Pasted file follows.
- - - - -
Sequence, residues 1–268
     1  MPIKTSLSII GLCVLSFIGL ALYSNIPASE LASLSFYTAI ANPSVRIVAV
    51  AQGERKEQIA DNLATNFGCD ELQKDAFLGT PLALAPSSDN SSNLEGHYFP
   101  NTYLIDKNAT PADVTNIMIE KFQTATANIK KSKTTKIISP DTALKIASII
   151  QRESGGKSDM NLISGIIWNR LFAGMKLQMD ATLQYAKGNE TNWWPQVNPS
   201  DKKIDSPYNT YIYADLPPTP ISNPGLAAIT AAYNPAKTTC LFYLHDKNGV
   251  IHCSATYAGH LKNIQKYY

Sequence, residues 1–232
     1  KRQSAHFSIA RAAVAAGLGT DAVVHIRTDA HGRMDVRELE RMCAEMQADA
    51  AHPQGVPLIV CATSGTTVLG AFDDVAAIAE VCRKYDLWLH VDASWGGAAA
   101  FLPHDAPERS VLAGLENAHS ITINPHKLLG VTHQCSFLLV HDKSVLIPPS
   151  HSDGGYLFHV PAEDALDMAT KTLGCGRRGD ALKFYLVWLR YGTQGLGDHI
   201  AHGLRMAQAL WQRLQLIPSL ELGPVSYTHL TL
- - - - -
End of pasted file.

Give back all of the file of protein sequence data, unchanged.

Sequence, residues 1–268
     1  MPIKTSLSII GLCVLSFIGL ALYSNIPASE LASLSFYTAI ANPSVRIVAV
    51  AQGERKEQIA DNLATNFGCD ELQKDAFLGT PLALAPSSDN SSNLEGHYFP
   101  NTYLIDKNAT PADVTNIMIE KFQTATANIK KSKTTKIISP DTALKIASII
   151  QRESGGKSDM NLISGIIWNR LFAGMKLQMD ATLQYAKGNE TNWWPQVNPS
   201  DKKIDSPYNT YIYADLPPTP ISNPGLAAIT AAYNPAKTTC LFYLHDKNGV
   251  IHCSATYAGH LKNIQKYY

Sequence, residues 1–232
     1  KRQSAHFSIA RAAVAAGLGT DAVVHIRTDA HGRMDVRELE RMCAEMQADA
    51  AHPQGVPLIV CATSGTTVLG AFDDVAAIAE VCRKYDLWLH VDASWGGAAA
   101  FLPHDAPERS VLAGLENAHS ITINPHKLLG VTHQCSFLLV HDKSVLIPPS
   151  HSDGGYLFHV PAEDALDMAT KTLGCGRRGD ALKFYLVWLR YGTQGLGDHI
   201  AHGLRMAQAL WQRLQLIPSL ELGPVSYTHL TL